our everyday life

Toddlers Activities With Rolling Paint

by Kathryn Rateliff Barr

Toddlers enjoy working with paint, perhaps because it provides for messy, creative activities. The next time you and your toddler venture into a painting activity, incorporate paint rollers for some additional fun. Paint rollers are easy for toddlers to grip and manipulate. You can use commercial foam rollers with patterns or textured surfaces, or you can make your own paint-rolling surfaces with items you have around the house. For easy cleanup, complete your paint project outside or even inside on a vinyl shower-curtain liner.

Unusual Paint Rolling

Any round object will roll through paint and spread it. Textured surfaces create more diverse and interesting patterns than surfaces without patterns. Have your toddler roll a plastic, ridged bottle through paint she has dropped on paper to watch the interesting patterns created by the bottle ridges. Let her roll an old, round, woven basket through the paint to create a different texture. Let your toddler look at the interesting paint patterns created by a golf ball, tennis ball or other round objects.

Commercial Rollers

A large sheet of butcher paper can become a paint roll mural. Give your toddler a small roller and put one tin of paint out at a time to minimize the mess and chances of overturning the paint. Once the paint dries, hang it up as is, or draw pictures that take advantage of the rolled paint, such as tree limbs or grass spears in areas of green paint and add clouds to swaths of blue to create a sky. Put textured objects such as leaves, flat puzzle pieces or paper cut-outs under the paper and allow your toddler to roll the paint on to create shapes in the painted section. Don’t remove the objects until the paint is dry.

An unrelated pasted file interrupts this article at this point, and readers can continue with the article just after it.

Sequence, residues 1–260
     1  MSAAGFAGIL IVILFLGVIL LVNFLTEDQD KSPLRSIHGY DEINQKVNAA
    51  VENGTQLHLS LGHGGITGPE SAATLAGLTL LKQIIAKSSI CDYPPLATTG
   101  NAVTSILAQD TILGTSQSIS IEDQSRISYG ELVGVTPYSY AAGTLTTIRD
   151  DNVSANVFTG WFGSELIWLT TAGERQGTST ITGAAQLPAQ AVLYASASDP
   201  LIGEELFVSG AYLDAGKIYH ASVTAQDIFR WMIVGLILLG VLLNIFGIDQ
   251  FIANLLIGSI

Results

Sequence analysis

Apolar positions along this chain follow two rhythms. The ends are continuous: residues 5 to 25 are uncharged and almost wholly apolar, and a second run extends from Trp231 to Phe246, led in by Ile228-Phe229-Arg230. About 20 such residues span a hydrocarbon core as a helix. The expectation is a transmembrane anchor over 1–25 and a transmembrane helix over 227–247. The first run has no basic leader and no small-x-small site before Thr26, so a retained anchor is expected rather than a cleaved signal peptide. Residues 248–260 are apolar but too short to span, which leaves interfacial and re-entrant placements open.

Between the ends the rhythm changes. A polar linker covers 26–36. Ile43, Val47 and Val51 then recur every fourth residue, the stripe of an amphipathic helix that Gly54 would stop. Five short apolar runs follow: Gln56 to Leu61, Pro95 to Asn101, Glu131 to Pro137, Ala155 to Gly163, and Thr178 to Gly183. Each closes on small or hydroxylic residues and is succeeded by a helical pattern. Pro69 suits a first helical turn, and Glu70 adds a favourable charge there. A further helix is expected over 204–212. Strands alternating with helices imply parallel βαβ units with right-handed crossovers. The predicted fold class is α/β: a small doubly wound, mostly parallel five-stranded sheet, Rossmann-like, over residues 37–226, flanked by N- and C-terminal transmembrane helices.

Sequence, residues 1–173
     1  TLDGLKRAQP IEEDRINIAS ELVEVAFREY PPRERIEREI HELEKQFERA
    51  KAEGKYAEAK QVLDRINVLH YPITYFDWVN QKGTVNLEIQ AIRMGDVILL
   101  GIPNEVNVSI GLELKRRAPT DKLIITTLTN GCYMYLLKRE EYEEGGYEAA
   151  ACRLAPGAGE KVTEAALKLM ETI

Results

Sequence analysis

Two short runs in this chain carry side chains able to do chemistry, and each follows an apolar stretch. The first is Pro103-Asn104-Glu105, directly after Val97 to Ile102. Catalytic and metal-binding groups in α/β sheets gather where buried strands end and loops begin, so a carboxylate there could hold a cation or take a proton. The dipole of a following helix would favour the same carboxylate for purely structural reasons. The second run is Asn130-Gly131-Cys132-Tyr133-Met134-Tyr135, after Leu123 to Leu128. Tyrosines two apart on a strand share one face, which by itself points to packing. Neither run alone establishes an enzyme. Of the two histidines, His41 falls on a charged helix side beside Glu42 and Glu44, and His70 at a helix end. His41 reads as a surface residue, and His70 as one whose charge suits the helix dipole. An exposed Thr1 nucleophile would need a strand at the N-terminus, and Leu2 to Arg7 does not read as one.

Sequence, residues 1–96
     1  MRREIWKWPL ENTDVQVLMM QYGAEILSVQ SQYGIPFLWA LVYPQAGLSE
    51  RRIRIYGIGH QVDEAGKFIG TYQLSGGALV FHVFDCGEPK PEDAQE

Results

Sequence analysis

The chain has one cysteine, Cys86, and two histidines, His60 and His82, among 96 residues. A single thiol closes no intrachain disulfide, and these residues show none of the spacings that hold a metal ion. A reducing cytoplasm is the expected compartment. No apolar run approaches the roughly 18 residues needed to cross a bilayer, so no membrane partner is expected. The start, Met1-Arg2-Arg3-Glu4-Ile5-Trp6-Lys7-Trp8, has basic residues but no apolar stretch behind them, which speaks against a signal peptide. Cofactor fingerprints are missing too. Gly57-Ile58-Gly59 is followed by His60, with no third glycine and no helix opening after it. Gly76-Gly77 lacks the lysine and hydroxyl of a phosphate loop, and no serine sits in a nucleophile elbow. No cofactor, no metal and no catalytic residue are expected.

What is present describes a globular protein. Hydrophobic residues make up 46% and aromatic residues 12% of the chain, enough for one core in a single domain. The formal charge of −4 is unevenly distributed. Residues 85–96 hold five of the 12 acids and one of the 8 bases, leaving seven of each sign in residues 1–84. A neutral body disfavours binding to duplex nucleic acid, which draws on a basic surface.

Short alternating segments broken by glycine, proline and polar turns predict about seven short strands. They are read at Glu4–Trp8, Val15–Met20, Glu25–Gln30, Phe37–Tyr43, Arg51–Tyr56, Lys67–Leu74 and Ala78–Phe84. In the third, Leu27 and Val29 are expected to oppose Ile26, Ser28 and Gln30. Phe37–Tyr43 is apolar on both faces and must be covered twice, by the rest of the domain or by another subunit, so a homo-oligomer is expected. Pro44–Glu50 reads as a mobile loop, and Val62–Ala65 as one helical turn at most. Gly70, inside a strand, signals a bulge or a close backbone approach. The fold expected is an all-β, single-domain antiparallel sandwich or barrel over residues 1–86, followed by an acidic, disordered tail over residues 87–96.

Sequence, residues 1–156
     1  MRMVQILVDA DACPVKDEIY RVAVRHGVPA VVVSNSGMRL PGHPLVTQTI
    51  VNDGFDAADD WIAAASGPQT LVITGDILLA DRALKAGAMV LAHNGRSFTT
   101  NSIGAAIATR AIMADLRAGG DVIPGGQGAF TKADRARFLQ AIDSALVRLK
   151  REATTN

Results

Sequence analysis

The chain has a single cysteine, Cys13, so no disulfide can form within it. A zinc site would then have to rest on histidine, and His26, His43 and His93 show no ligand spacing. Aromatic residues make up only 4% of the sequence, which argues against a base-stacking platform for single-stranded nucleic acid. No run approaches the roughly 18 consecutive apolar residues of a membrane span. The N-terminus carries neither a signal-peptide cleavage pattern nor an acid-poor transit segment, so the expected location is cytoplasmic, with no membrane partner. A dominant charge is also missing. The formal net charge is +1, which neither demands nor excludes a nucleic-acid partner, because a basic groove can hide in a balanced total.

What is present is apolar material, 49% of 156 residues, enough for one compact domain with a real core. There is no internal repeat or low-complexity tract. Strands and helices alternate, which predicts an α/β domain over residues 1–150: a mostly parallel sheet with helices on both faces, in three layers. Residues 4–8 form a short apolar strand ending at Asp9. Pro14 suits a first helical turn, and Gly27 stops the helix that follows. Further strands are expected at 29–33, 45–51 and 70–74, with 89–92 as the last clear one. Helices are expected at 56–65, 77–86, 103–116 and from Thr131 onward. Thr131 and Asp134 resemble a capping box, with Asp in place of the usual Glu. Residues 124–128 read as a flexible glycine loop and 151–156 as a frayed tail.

Noodle Rollers

Pool noodles make inexpensive paint rollers for your toddler, and some come with ridges and interesting textures. Cut the noodle into the desired length and insert the proper diameter wooden dowel in the center hole or push a wooden skewer into the foam if it doesn’t have a hole, and wrap the ends in duct tape to prevent your toddler from injuring himself or someone else. Roll the paint on paper or use soap paint and roll it across the sidewalk or driveway. Apply different textures by scraping away parts of the foam to create shapes or adhere craft foam shapes to the face of the noodle.

Rolling Paint Recipes

Create your own paints to save money and provide different textures for your child to work with. Washable, nontoxic paints are ideal for toddlers. Make faux oil paint by mixing 1 part liquid dish soap with 1 part powdered tempera paint. Create a stiff paint using 1 part nonmenthol shaving cream with 1 part white glue and a few drops of food coloring. Salt paint adds texture and pretty crystals when the paint dries. Mix 2 parts liquid starch with 2 parts water and 1 part liquid tempera paint. Mix 2 parts soap flakes with one part cold water and beat with a mixer until thick for soap paint. Add food coloring or powdered tempera paint to small amounts of the base to create different colors.

References

  • The Everything Toddler’s Activity Book; Joni Levine
  • The Little Hands Art Book; Judy Press

About the Author

Rev. Kathryn Rateliff Barr has taught birth, parenting, vaccinations and alternative medicine classes since 1994. She is a pastoral family counselor and has parented birth, step, adopted and foster children. She holds bachelor's degrees in English and history from Centenary College of Louisiana. Studies include midwifery, naturopathy and other alternative therapies.

Photo Credits

  • Jupiterimages/Comstock/Getty Images